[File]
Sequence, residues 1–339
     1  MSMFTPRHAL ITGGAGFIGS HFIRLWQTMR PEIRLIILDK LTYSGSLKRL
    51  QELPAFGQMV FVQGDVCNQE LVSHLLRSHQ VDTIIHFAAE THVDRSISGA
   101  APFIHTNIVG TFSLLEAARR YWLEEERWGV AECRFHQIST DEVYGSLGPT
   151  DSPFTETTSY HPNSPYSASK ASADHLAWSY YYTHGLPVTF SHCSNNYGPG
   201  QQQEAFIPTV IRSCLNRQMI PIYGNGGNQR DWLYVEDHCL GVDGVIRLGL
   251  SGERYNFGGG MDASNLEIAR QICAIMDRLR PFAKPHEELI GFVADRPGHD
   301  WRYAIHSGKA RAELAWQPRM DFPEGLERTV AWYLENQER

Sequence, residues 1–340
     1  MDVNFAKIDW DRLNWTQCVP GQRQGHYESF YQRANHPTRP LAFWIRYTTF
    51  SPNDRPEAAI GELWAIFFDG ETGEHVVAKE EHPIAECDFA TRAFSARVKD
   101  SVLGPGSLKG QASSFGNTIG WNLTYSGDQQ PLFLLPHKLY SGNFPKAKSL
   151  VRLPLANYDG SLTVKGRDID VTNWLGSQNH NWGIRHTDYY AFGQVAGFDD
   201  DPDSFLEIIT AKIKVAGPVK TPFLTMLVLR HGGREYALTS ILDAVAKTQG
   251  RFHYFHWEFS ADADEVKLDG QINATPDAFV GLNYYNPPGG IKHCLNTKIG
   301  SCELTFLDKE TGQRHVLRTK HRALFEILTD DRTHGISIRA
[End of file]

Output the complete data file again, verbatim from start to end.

Sequence, residues 1–339
     1  MSMFTPRHAL ITGGAGFIGS HFIRLWQTMR PEIRLIILDK LTYSGSLKRL
    51  QELPAFGQMV FVQGDVCNQE LVSHLLRSHQ VDTIIHFAAE THVDRSISGA
   101  APFIHTNIVG TFSLLEAARR YWLEEERWGV AECRFHQIST DEVYGSLGPT
   151  DSPFTETTSY HPNSPYSASK ASADHLAWSY YYTHGLPVTF SHCSNNYGPG
   201  QQQEAFIPTV IRSCLNRQMI PIYGNGGNQR DWLYVEDHCL GVDGVIRLGL
   251  SGERYNFGGG MDASNLEIAR QICAIMDRLR PFAKPHEELI GFVADRPGHD
   301  WRYAIHSGKA RAELAWQPRM DFPEGLERTV AWYLENQER

Sequence, residues 1–340
     1  MDVNFAKIDW DRLNWTQCVP GQRQGHYESF YQRANHPTRP LAFWIRYTTF
    51  SPNDRPEAAI GELWAIFFDG ETGEHVVAKE EHPIAECDFA TRAFSARVKD
   101  SVLGPGSLKG QASSFGNTIG WNLTYSGDQQ PLFLLPHKLY SGNFPKAKSL
   151  VRLPLANYDG SLTVKGRDID VTNWLGSQNH NWGIRHTDYY AFGQVAGFDD
   201  DPDSFLEIIT AKIKVAGPVK TPFLTMLVLR HGGREYALTS ILDAVAKTQG
   251  RFHYFHWEFS ADADEVKLDG QINATPDAFV GLNYYNPPGG IKHCLNTKIG
   301  SCELTFLDKE TGQRHVLRTK HRALFEILTD DRTHGISIRA